Saturday, July 30, 2011

Java 7: Diamond Operator

The diamond operator (<>) removes the need for explicit type arguments in constructor calls to generic classes, thereby reducing visual clutter. For example:
//previously:
Map<Integer, List<String>> map = new HashMap<Integer, List<String>>();

//in jdk7, use the diamond operator. Saves typing!
Map<Integer, List<String>> map2 = new HashMap<>();

List<?> list = new ArrayList<>();
The compiler infers the type on the right side. So if you have a list of ?, the compiler will infer a list of Object.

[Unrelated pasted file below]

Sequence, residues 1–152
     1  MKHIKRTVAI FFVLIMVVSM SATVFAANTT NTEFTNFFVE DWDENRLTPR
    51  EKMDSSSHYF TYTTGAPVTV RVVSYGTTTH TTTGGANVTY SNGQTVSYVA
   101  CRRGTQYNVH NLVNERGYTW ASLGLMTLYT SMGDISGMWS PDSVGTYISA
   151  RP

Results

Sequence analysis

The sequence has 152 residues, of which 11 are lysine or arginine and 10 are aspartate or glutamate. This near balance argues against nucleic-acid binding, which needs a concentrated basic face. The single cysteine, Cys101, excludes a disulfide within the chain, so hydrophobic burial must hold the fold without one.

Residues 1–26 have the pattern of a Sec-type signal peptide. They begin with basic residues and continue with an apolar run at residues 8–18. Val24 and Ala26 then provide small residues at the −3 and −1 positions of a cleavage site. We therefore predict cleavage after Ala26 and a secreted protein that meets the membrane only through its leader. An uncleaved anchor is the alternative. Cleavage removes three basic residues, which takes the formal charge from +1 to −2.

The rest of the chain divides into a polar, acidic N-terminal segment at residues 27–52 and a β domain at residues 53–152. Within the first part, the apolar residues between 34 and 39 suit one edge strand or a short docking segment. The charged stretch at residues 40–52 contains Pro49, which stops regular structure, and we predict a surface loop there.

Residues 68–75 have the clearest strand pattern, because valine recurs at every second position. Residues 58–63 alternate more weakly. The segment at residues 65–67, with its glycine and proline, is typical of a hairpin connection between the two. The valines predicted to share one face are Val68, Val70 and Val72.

Eclipse support:

  • Eclipse Content Assist (Ctrl + Space), auto-completes using a diamond instead of explicit type arguments. So, in the example above, when you type new HashM[Ctrl+Space], Eclipse will insert new HashMap<>();.

  • You can also configure Eclipse to warn you if you use explicit type arguments, instead of a diamond. To do this, go to your Preferences and navigate to Java > Compiler > Errors/Warnings. In the Generic types section, select Warning against Redundant type arguments. Eclipse will then offer you a quick-fix to remove the type arguments, if you accidently put them in.
Further Reading:
Type Inference for Generic Instance Creation

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